Tuesday, September 22, 2015

The Sorry Scheme of Things

The Heart’s Desire by Nahid Rachlin

                                                             Ah, Love! Could thou and I with Fate conspire
                                                             To grasp this sorry Scheme of Things entire,
                                                             Would not we shatter to bits—and then
                                                             Re-mould it nearer to the Heart’s Desire!

                                                                                    Omar Khayyám

The Iran-Iraq War lasted from September of 1980 to August of 1988, making it the longest conventional war of the 2oth Century. The death toll was staggering: more than a half a million Iranian and Iraqi soldiers were killed, and at least that many civilians, not to mention the millions of dollars in economic and structural damage incurred by both sides—and for what? Not only was there no winner in the war, and thereby no reparations, but there was no appreciable change in either the much-disputed national borders or the regional status quo. Yet the war was significant—gravely, even monstrously, so. In fact, of all the consequences of that bitter and miserable little war, arguably the most important, at least the most far-reaching in it implications, was the aggressive, nakedly mercenary role of the United States in staking its claim in the region. If you remember, long before we toppled Saddam Hussein in the name of Justice and Democracy, in the name of Women’s Rights and World Peace, he was one of our closest allies and friends. Indeed it is likely that he would never have attacked the newly minted Islamic Republic of Iran in the first place had it not been for his assurance of U.S. economic and military support, support only recently transferred to him and his megalomaniacal vision for the Middle East after the U.S.’s former henchman and regional toady, the Shah of Iran, was violently overthrown by his own people. While I risk of overstating the case, it is hard for me not to trace the bulk of the region’s current instability (the rise of Al Queda, the bombing of the World Trade Center, the U.S invasion of Afghanistan, the U.S invasion of Iraq, the rise of ISIS, the Syrian Civil War, and the desperate flight of Syrian refugees) to this, this iniquitous and barefaced ploy.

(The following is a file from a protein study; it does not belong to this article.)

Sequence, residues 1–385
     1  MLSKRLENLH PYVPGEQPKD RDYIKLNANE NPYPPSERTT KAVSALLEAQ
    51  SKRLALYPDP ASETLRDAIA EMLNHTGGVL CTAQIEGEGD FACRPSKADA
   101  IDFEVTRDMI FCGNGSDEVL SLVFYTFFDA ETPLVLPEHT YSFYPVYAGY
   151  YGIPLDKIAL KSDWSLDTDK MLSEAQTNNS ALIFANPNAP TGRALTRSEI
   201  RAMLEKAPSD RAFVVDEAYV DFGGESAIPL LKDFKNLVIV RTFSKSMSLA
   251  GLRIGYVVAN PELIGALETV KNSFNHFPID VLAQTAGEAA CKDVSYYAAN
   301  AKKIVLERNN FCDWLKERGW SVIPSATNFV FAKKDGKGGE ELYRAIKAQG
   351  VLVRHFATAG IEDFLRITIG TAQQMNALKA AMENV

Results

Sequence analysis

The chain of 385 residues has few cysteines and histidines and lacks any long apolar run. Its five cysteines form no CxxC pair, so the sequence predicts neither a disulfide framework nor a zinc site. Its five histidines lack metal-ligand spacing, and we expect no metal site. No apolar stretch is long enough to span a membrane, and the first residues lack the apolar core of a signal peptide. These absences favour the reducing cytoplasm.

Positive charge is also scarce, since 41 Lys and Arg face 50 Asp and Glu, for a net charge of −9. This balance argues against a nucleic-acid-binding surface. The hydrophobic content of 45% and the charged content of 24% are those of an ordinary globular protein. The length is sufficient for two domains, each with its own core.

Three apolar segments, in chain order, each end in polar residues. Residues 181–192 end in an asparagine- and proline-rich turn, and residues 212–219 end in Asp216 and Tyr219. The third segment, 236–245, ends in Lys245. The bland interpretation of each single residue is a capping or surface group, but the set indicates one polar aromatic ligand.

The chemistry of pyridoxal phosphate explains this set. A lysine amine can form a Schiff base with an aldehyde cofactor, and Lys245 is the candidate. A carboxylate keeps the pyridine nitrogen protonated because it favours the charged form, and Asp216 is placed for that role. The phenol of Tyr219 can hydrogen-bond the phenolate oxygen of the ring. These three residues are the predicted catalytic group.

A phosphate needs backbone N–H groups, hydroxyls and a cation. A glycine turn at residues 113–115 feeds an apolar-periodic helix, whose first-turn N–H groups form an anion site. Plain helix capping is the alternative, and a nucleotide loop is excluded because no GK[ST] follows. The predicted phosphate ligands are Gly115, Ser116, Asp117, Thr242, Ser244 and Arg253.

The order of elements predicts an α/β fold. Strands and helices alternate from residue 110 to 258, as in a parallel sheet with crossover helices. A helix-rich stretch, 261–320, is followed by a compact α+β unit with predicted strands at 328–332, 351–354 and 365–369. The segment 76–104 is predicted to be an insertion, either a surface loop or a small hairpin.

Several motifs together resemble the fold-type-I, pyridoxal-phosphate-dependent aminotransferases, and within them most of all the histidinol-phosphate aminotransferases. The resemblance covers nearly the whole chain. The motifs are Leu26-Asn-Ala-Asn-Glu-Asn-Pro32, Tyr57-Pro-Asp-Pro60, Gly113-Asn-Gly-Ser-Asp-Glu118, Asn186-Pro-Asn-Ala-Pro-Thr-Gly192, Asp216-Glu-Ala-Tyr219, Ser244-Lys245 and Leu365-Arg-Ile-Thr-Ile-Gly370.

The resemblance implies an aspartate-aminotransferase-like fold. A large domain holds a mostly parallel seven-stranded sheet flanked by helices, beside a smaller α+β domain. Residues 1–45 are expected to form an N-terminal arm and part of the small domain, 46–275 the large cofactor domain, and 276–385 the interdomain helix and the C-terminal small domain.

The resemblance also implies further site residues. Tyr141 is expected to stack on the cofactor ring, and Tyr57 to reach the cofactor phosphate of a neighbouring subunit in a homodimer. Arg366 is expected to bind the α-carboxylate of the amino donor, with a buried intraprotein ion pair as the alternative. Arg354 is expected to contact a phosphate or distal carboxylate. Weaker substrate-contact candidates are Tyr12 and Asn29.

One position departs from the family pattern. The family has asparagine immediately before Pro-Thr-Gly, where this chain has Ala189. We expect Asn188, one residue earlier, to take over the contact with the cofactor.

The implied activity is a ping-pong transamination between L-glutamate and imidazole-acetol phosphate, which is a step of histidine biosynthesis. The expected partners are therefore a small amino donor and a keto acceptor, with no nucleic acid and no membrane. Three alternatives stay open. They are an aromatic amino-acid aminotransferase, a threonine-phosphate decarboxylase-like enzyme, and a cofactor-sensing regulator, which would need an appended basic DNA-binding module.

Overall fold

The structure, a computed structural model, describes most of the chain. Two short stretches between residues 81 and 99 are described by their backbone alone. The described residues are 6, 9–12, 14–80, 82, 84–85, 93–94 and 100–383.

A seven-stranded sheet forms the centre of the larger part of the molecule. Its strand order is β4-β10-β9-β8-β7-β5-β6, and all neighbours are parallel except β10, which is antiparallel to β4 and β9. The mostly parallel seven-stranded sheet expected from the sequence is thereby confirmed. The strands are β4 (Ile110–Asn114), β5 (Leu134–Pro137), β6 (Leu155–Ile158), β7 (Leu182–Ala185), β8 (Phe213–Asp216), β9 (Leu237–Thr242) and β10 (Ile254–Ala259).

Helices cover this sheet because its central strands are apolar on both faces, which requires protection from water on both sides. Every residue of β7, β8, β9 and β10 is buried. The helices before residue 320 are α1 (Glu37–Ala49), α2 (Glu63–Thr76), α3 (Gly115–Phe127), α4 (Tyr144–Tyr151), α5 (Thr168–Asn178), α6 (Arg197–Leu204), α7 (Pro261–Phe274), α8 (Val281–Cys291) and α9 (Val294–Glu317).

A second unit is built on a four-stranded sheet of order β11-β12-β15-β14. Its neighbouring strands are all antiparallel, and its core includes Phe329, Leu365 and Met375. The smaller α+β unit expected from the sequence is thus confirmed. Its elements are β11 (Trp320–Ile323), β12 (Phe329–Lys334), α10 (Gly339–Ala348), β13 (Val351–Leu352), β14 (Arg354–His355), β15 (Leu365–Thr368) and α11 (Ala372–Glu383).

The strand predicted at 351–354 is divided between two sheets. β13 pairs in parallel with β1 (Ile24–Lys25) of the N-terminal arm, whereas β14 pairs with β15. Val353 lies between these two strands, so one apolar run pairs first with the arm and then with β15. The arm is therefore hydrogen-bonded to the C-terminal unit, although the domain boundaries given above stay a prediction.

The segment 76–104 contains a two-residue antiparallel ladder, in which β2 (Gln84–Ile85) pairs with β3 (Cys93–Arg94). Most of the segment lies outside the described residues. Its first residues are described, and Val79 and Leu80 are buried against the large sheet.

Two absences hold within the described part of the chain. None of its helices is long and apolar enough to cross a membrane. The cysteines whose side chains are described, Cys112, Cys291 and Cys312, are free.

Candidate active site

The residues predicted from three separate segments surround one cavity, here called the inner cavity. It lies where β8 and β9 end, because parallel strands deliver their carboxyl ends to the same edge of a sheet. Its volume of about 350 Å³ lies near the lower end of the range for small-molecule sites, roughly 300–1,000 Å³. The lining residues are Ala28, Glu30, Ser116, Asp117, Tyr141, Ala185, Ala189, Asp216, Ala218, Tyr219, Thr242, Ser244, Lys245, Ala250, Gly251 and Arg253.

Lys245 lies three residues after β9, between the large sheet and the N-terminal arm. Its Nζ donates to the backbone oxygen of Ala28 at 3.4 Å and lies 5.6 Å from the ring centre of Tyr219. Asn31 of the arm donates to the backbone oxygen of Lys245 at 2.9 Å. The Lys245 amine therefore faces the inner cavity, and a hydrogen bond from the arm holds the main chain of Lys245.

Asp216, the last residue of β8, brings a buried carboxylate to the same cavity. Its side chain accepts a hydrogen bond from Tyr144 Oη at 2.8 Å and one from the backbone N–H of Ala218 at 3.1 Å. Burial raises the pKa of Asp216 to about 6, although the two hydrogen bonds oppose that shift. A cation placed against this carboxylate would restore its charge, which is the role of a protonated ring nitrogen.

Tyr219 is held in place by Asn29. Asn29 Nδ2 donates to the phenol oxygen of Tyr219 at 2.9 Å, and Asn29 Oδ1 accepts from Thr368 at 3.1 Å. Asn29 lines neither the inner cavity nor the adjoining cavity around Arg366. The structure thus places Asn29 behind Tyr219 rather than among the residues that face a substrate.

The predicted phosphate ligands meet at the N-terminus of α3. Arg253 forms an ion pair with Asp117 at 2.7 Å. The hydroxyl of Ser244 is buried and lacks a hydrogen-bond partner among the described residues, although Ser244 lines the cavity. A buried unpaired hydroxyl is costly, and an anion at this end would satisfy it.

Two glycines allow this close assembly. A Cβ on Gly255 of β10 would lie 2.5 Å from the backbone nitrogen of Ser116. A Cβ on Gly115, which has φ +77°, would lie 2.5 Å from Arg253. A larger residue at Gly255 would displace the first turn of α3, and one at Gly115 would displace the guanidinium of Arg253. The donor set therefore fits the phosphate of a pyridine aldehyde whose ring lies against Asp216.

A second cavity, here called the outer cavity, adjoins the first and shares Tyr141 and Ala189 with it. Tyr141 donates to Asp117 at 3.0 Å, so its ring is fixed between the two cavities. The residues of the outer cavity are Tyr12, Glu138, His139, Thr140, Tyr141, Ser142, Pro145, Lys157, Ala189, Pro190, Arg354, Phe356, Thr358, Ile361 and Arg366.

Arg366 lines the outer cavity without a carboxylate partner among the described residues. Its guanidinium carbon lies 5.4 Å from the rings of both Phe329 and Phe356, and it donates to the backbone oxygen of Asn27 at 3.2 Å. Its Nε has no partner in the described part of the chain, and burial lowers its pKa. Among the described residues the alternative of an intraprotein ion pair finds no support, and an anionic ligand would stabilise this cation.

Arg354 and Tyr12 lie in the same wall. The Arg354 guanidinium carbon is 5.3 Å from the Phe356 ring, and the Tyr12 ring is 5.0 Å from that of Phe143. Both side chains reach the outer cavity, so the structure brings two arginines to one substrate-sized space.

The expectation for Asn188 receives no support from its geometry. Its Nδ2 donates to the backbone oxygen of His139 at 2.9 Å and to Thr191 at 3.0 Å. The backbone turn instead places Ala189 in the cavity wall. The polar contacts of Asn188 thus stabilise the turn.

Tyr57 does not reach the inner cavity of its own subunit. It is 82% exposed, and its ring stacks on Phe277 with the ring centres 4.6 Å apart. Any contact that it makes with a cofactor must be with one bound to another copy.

Nahid Rachlin’s novel, The Heart’s Desire, is set in Iran, in Teheran, immediately following the Iran-Iraq war when the country lies in ruins, the people are despondent, and anti-American sentiment runs high. 

everything in Iran  was touched by the tragedy of the prolonged eight-year war between Iran and its neighbor Iraq, which had ended only months ago. Though the fighting had gone on mainly around the western border, bombs had left their marks everywhere—you couldn’t miss the charred window frames and boarded-up doors, the families camping in quiet backstreets, soldiers passing by on crutches. Hundreds of thousands of Iranians, many of them mere teenage boys…had been killed and wounded in the war. Black flags hanging on almost every door designated that someone in the household had been martyred. On the main square was a fountain with dark red water surging up from it.

Filtered principally through the life and intelligence of an American woman, Jennifer Sahary, who has traveled to the newly opened Iran with her Iranian husband and their young son to visit his family and friends, as well as to give her husband the chance to take stock of himself in own beleaguered land. While partly the story of her husband’s struggles to come to terms with his guilt and longing for having left his homeland for a life in the United States, the novel is first and foremost about Jennifer’s own disillusionment as an American about Iran, about the husband she loves, and about the deep-seeded differences that divide them.      

Nahid Rachlin is an Iranian-American who had written numerous works of fiction and non-fiction, including Crowd of Sorrows, Foreigner: A Novel, Veils: Short Stories, Married To a Stranger, Jumping over Fire, and Persian Girls: A Memoir.

Peter Adam Nash

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